Intel Core i7 5960X review

Dave James at

Hot damn this is some quick, expensive silicon. But even though this brand new, $1,000 eight-core, sixteen thread, Core i7 5960X processing monster is capable of some serious number-crunching, it’s probably not the CPU you’re really looking for.

The i7 5960X is the first, and the most powerful, of the new Haswell E range of Intel CPUs. They represent the processors of a whole new PC platform, comprising new motherboards and the next generation of system memory, namely X99 and DDR4 respectively. But all this comes from one place. And it’s a bit of a dull, grey, air-conditioned place: servers.

Intel doesn’t specifically design chips for PC gamers, with our discrete graphics cards and desktop PCs. They haven’t done for years. What they do is develop spankingly good, powerful, efficient mobile processors and ludicrously big, multi-core server chips.

Intel's desktop division then repurposes those mobile chips for use in our desktop Z97 motherboards and does the same for the server parts with the Extreme Edition CPUs, of which this Core i7 5960X is one. That’s why the new processors come with support for DDR4 memory.

The new memory doesn’t do anything particularly fancy on the desktop, but in the server-land it cuts down power demands and boost efficiency. DDR4 doesn’t need as much juice and you don’t need as many modules to operate at the same capacities. Great in servers, not so exciting on the desktop.

The whole package—i7 5960X chip, Asus X99 Deluxe motherboard and Corsair Vengeance DDR4 memory

Our desktop PCs lie somewhere between the laptop and server form factors that the chip serves. All that extra power doesn’t really do a lot for PC games. Better memory hasn’t really had much of an impact upon our game, and once you get up to 8GB of decent RAM, pushing the core count doesn’t seem to deliver any extra performance either.

The Devil’s Canyon i5 4690K is capable of the same feats of gaming performance when paired with a powerful GTX 780Ti. The i7 5960X costs nearly five times its price.

I’m still immensely pleased that Intel has upped the game on the core front, but now we needgame engine makers to start paying attention. I’m hopeful that, with the advent of DirectX 12 and its native abilities to apportion work across multiple processing threads, such powerful CPUs will be able to deliver quicker, smoother gaming performance.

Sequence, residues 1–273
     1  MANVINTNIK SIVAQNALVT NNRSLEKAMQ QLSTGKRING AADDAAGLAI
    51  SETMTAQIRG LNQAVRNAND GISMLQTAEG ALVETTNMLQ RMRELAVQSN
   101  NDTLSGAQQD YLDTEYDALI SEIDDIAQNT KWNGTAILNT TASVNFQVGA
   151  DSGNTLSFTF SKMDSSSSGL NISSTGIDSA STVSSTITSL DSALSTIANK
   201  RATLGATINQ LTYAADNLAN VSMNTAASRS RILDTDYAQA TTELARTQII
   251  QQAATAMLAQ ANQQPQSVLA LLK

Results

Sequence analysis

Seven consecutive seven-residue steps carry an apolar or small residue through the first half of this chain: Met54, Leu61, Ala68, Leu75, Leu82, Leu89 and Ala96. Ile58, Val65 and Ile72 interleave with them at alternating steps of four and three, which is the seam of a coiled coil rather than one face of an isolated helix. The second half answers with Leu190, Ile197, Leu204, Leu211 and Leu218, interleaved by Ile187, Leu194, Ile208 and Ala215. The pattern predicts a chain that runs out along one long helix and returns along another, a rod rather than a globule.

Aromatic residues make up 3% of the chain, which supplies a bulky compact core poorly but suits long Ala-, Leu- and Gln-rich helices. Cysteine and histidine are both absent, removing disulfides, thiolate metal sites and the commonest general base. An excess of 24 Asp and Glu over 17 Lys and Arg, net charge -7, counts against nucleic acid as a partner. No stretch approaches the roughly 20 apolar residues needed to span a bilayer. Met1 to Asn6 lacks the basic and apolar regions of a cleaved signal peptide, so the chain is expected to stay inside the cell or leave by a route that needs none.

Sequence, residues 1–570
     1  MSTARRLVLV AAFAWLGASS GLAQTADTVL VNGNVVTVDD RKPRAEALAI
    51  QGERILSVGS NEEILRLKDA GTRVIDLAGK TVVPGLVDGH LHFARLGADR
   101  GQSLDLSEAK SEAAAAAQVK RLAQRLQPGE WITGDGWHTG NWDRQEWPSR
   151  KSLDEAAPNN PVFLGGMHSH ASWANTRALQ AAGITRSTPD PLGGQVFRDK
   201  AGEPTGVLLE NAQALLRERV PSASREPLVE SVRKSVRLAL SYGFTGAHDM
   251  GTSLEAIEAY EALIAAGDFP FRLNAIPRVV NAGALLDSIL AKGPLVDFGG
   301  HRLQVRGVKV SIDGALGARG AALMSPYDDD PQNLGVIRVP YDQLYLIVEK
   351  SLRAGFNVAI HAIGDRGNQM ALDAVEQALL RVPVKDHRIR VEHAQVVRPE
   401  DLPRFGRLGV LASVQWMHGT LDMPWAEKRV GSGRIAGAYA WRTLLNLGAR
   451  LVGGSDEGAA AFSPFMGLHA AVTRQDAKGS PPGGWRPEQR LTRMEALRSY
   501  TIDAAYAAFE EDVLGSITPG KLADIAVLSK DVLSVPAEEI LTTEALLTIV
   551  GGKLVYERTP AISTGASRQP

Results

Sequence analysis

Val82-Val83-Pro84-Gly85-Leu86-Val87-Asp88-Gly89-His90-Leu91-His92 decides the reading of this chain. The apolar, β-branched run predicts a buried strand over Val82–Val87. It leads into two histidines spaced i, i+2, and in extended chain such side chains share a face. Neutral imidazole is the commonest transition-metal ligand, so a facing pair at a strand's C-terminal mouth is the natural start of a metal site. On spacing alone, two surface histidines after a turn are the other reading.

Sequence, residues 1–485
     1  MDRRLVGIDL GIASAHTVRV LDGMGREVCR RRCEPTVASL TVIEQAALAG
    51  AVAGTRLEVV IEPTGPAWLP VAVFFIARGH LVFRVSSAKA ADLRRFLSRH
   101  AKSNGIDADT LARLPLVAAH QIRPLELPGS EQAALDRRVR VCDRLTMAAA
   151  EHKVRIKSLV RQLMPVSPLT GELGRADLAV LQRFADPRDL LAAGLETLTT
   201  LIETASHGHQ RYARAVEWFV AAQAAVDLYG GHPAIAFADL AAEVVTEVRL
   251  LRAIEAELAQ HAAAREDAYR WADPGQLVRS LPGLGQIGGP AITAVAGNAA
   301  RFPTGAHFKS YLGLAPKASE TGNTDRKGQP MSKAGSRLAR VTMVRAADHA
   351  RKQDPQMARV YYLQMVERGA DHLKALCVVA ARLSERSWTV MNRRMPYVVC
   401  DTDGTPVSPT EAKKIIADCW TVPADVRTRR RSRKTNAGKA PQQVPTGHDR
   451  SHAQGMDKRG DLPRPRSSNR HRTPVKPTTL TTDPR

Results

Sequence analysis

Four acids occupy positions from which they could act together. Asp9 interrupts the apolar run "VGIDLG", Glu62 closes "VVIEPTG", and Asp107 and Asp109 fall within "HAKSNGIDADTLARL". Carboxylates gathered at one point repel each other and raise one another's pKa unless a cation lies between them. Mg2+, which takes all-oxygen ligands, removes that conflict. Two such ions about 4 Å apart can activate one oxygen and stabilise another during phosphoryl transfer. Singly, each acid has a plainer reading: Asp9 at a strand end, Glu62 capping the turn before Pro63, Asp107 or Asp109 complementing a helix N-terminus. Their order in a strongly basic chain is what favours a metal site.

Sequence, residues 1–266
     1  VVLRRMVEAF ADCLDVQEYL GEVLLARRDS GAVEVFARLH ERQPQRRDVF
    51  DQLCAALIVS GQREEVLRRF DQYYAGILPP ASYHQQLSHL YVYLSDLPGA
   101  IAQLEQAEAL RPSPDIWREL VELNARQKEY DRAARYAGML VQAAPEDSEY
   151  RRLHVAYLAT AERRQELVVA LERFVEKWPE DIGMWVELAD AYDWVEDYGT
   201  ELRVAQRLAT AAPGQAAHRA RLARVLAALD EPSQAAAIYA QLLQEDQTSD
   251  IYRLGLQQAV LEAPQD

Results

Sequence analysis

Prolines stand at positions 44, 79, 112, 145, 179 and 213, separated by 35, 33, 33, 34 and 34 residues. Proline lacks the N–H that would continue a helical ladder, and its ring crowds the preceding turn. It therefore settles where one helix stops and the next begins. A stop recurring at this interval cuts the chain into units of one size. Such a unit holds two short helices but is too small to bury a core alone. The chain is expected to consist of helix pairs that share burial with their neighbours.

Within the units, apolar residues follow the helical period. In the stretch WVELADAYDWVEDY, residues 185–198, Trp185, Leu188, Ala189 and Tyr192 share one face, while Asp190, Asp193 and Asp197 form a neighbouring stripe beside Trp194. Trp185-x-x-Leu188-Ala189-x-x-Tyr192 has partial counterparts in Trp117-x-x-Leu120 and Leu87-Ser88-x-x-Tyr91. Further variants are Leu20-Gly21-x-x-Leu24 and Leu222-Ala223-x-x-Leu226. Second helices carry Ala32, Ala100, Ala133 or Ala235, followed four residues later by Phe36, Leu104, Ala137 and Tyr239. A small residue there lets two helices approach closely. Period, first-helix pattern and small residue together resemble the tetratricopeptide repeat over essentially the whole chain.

The fact that at 1080p in Battlefield 4 I saw a performance boost of around 12-15% in average frame rate just switching from DirectX 11 to AMD’s Mantle with an R9 290X is promising. Unfortunately I saw the exact same uplift from an old six-core Ivy Bridge CPU from the last generation; there was no extra performance boost from the i7 5960X and its full eight cores.

Shiny, oh-so-pricey silicon.

As the pinnacle of PC processor-dom though the new Haswell E reigns supreme. It’s measurably faster, by some 25% in multi-threaded applications, than the last generation of Extreme processors, and around 85% quicker than the latest Devil’s Canyon i7 4790K both at their peak overclocked performance.

That’s a huge margin, and the fact you can push the i7 5960X up to a shade under 4.4GHz on all eight cores makes it a serious productivity processor, capable of chewing through video rendering tasks like hot silicon through butter.

But I could never recommend anyone spend £800 / $1,000 on a CPU for a gaming PC. You’d have to be crazy, or earn footballer money to be able to drop that on a PC build for the performance benefit you (don’t) get.

So, is the Haswell E a a total bust for gamers? There is another…the cheaper Core i7 5820K could be a good shout for a serious PC gaming super-computer as it doesn’t cost much more than a Core i7 4790K itself. The extra platform costs—pricier motherboard and new RAM—could price you out, but at least there is now some middle ground between the standard and Extreme Intel i7 chips. As for the i7 5960X, there’s little right now to recommend it to PC gamers. Sure, I wouldn’t kick it out of my board if it restarted, but the cost outweighs its rather intangible gaming benefits.

Benchmarks

CPU multi-threaded rendering performance
Cinebench R15 - Index score: higher is better
Core i7 5960X - 1387
Core i7 4960X - 1079
Core i7 4790K - 880

CPU single-threading rendering performance
Cinebench R15 - Index score: higher is better
Core i7 5960X - 128
Core i7 4960X - 143
Core i7 4790K - 173

CPU video encoding performance
X264 v4.0 - FPS: higher is better
Core i7 5960X - 81.82
Core i7 4960X - 65.19
Core i7 4790K - 53.28

Peak platform power
100% load - Watts: lower is better
Core i7 5960X - 219W
Core i7 4960X - 252W
Core i7 4790K - 195W

DirectX 11 1080p gaming performance
Battlefield 4 - (Min) Avg FPS: higher is better
Core i7 5960X - (58) 93
Core i7 4960X - (83) 104
Core i7 4790K - (59) 94

DirectX11 1080p gaming performance
Metro: Last Light - (Min) Avg FPS: higher is better
Core i7 5960X - (19) 52
Core i7 4960X - (18) 52
Core i7 4790K - (11) 52

Peak overclocking performance
Cinebench R15 - Index score: higher is better
Core i7 5960X - 1719
Core i7 4960X - 1238
Core i7 4790K - 927


Verdict

80

A super-powerful, octo-core CPU, but has little to really offer in gaming performance.